Grain Communications Group, Inc. is familiar with Martha’s Vineyard. Some years ago, the company built a new communications tower on Peaked Hill in Chilmark, used for Coast Guard radio communications. The managing partner and founder of the company is David Grain, who has a number of ties to New England and Martha’s Vineyard. He owns a home in Chilmark, according to property records. He is a 1984 graduate of the College of the Holy Cross, and a 1989 graduate of the Tuck School at Dartmouth College.
In its joint proposal, Grain Communications said the company focuses on managing the entire build process, including site location, ground leases, zoning, permitting and construction. The company builds, owns, and manages communications systems throughout the United States.
A Grain company official did not return a phone call requesting comment.
How it works
DAS relies on a series of radio access nodes (RAN) connected to small antennas set on telephone poles, or poles erected for that specific purpose, to distribute mobile telephone signals. Although the range is considerably less than with taller towers, the DAS appeals to communities where a high conventional tower is unwelcome and wireless telephone service is poor.
Depending on topography and equipment, a DAS node may have a cellular signal range that extends from one quarter to three quarters of a mile.
The design for Chappaquiddick is very preliminary. The company would initially provide eight nodes in the first phase and five in the second. The network is expected to provide wireless coverage from Cape Poge Light to the On Time ferry slip and southeast to Wasque Point.
The companies have not determined yet whether they can lease space on existing utility poles, or would need to erect their own poles. Also in question is the use of NSTAR conduits under the harbor. Company officials say they have the directional drilling equipment to install their own conduits under the harbor, if they cannot work out an agreement to lease space from NSTAR.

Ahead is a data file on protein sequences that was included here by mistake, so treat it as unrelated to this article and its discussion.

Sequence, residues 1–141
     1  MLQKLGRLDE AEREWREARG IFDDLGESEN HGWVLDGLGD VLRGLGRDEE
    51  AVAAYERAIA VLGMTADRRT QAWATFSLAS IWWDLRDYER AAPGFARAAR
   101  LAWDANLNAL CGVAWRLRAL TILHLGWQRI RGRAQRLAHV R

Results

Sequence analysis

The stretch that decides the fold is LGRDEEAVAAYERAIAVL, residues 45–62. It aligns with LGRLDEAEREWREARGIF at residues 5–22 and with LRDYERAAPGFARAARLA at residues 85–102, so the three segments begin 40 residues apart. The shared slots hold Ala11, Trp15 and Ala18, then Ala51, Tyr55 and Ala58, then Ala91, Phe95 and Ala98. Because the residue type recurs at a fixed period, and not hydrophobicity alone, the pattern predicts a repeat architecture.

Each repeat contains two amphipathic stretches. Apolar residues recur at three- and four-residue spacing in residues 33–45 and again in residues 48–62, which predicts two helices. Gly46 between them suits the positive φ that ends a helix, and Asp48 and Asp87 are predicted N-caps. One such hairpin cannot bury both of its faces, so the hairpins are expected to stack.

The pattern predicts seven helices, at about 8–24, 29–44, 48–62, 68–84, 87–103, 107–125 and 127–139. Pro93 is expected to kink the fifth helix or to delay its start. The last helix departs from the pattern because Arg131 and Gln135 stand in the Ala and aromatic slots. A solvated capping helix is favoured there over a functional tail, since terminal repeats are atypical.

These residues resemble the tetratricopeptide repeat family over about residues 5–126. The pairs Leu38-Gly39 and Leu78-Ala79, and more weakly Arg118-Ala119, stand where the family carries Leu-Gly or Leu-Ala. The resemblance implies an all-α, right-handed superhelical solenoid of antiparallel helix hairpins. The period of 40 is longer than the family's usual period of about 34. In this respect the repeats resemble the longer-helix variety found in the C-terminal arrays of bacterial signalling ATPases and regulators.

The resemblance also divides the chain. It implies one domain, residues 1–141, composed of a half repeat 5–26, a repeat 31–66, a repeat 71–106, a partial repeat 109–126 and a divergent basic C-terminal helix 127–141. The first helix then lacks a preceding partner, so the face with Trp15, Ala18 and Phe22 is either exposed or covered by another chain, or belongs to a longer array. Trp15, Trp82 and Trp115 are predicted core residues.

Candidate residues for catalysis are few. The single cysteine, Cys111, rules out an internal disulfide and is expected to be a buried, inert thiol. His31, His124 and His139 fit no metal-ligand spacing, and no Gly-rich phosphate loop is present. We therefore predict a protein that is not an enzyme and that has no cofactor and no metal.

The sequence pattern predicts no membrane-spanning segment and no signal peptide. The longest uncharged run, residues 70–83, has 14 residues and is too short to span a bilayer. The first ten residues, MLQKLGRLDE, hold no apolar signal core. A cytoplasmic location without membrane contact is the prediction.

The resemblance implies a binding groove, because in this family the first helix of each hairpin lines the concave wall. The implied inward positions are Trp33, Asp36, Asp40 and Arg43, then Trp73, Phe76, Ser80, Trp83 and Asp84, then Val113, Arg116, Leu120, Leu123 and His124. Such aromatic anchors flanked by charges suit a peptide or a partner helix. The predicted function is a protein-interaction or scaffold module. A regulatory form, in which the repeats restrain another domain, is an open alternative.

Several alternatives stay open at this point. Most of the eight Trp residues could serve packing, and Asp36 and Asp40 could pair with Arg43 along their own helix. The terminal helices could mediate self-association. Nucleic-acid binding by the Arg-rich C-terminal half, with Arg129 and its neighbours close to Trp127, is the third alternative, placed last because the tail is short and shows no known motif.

Up-Island signal improves
Edgartown residents need only drive up Island to view a DAS. In May, American Tower Corporation (ATC) threw the switch on its recently completed distributed antenna system.
It was the culmination of a six-year effort by town officials and residents to improve wireless communication in an area of the Island notorious for its lack of wireless signal strength.
There are currently 11 nodes in Chilmark and four in Aquinnah. The wireless signal originates from a hub station placed at the Chilmark landfill off Tabor House Road. ATC has a contract to lease space to AT&T and is seeking other wireless carriers.
Although wireless signals now reach into the formerly dark corners of Moshup Trail, Lobsterville Beach, and Menemsha, large gaps remain between nodes.
In comments last month, ATC senior vice president Gerard Ainsztein said his company looks forward to working with wireless carriers in this market to leverage the network and assist them in improving their service levels to residents.
Verizon Wireless has so far indicated that it wants no part of the up-Island DAS. Rich Enright, a Verizon Wireless official from Westboro, said the company would not join the DAS because the ATC rent was too high. He added that the company would consider creating its own system.
Last year, efforts to complete the system hit a snag when ATC and NSTAR were unable to reach an agreement that would allow ATC to use the power company’s utility poles to string the fiber-optic cable that is the backbone of the DAS system.
Aquinnah originally launched the effort to create a DAS system in December 2005 as a way to bolster the town’s defense against cell towers and lawsuits brought by cell phone companies under the Telecommunication Act of 1996 (TCA), a federal law that limits the obstacles that towns may place in the way of wireless communication companies seeking to provide service where there is a lack of coverage.
In addition to improving Chappaquiddick wireless service, Edgartown is moving forward with plans to lease space to AT&T in the Katama Farm silo to provide expanded wireless service to the Katama area.